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Report cover showing adult students.

Improving Student Performance – How English Further Education Colleges Can Improve Student Retention and Achievement 

“Further education colleges, with the support of the Funding Council and the Department, have done well over the past five years to increase the proportion of students who achieve their qualifications. In particular we were pleased to see that the number of colleges with overall achievement rates below 50 per cent has reduced dramatically.

“Overall success rates remain disappointing, however, and the gap between the best and worst performing colleges is still too wide. Poorer performing colleges need to adopt the good practices of the best if they are to help the Government meet the National Learning Targets2.”

The further education sector provides a wide range of education and training opportunities to people from school leaving-age upwards. There are some 400 further education colleges in England, enabling 3.8 million students to study for some 17,000 different qualifications from about 480 awarding bodies, at a cost to the public purse of some £3 billion.

The Department for Education and Employment is responsible for determining the overall policy for further education and the Further Education Funding Council is responsible for implementing it. From April 2001 a new Learning and Skills Council will replace the Further Education Funding Council and Training and Enterprise Councils. (Training and Enterprise Councils are private sector companies which manage local training and enterprise activities under a performance-based contract with the Secretary of State for Employment).

1 Success rates are the number of qualification aims achieved as a proportion of those started, even though students may subsequently have dropped them. Achievement rates do not take account of qualifications started but not completed.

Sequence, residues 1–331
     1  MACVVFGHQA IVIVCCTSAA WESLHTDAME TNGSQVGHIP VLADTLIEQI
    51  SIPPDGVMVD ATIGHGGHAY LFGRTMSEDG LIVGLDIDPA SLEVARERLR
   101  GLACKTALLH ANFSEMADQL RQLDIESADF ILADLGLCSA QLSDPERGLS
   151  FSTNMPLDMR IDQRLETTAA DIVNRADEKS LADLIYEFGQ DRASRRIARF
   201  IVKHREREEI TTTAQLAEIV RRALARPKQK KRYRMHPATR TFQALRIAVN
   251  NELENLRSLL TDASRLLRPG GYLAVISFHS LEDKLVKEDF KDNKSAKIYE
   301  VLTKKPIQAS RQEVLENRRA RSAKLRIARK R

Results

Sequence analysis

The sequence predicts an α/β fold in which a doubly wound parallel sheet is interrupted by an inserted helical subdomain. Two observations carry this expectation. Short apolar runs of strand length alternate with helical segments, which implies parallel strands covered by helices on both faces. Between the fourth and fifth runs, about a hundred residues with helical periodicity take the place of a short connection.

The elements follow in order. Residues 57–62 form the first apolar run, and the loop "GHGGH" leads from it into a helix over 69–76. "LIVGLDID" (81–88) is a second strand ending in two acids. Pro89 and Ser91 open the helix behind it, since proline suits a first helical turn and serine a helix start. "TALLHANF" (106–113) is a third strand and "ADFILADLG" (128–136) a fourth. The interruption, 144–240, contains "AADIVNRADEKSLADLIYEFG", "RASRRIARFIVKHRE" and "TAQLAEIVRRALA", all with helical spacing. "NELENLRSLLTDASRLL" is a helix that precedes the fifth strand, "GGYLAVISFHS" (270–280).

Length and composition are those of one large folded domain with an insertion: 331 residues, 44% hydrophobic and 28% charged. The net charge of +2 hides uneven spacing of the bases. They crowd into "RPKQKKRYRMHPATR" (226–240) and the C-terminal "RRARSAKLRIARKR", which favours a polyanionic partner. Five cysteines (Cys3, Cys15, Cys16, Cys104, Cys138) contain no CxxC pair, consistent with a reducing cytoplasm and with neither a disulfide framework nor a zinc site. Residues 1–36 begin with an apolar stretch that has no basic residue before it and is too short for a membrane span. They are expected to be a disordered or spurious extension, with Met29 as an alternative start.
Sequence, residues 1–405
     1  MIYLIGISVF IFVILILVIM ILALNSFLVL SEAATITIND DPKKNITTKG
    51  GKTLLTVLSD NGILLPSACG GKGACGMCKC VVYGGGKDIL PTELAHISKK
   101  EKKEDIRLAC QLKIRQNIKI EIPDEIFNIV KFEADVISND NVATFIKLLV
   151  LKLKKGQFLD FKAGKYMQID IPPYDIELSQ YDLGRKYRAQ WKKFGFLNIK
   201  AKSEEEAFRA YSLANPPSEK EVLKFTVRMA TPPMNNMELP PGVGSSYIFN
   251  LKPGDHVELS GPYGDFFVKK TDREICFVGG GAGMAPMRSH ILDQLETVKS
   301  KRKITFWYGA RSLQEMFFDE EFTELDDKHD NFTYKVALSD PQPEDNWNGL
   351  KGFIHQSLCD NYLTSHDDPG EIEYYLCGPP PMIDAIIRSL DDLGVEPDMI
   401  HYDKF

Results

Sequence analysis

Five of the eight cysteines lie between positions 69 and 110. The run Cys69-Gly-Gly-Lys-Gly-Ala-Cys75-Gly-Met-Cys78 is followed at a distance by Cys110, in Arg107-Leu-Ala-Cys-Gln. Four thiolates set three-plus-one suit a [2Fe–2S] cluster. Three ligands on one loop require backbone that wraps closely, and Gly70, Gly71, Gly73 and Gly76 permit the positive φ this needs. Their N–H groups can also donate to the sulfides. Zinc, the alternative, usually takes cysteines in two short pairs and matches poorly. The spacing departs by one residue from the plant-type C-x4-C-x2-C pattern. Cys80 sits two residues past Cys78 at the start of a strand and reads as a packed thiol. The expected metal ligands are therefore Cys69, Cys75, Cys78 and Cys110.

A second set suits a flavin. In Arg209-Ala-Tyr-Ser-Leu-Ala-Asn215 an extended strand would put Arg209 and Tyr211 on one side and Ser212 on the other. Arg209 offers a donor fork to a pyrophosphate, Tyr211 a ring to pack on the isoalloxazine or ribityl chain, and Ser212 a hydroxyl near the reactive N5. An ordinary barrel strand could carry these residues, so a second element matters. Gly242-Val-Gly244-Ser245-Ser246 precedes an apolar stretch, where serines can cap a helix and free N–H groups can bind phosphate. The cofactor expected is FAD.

The National Learning Targets represent the Government’s aim of making a substantial improvement in participation and achievement in education and training at every level

‘ National Vocational Qualifications

” General National Vocational Qualifications

The Comptroller and Auditor General, Sir John Bourn, is the head of the National Audit Office employing some 750 staff. He and the NAO are totally independent of Government. He certifies the accounts of all Government departments and a wide range of other public sector bodies; and he has statutory authority to report to Parliament on the economy, efficiency and effectiveness with which departments and other bodies have used their resources.

Published:
2 Mar 2001
Report cover showing doctors training staff on a dummy

Educating and Training the Future Health Professional Workforce for England

“Educating and training increased numbers of nursing, midwifery and other health professional students is a key way of overcoming the shortage of such staff in the NHS. The NHS and higher education institutions must continue working together to improve value for money, to ensure more students complete courses, to reduce the constraints on providing practical experience, and to invest in new capacity where needed. Healthcare professionals provide much of the service that patients need and expect, and a cost effective world class education and training system must be the foundation for delivering this.”

Sir Andrew Foster, the Controller of the Audit Commission, said today:

“Healthcare staff are the lifeblood of the NHS. Developing their skills and abilities is vital both to the quality of patient care and the modernisation of the NHS. We need to actively manage and plan for the training of our nurses, therapists and other staff. Everyone, from front-line staff to trust board members, must show commitment to a culture which values and expects training and learning.”

The Audit Commission’s Hidden Talents report focuses on the existing healthcare workforce and looks at how trusts can get the best value from their training and development activities. The National Audit Office’s report to Parliament, Educating and Training the Future Health Professional Workforce for England, reviews the effectiveness of arrangements between the NHS and higher education institutions for educating and training pre-registration health professional students.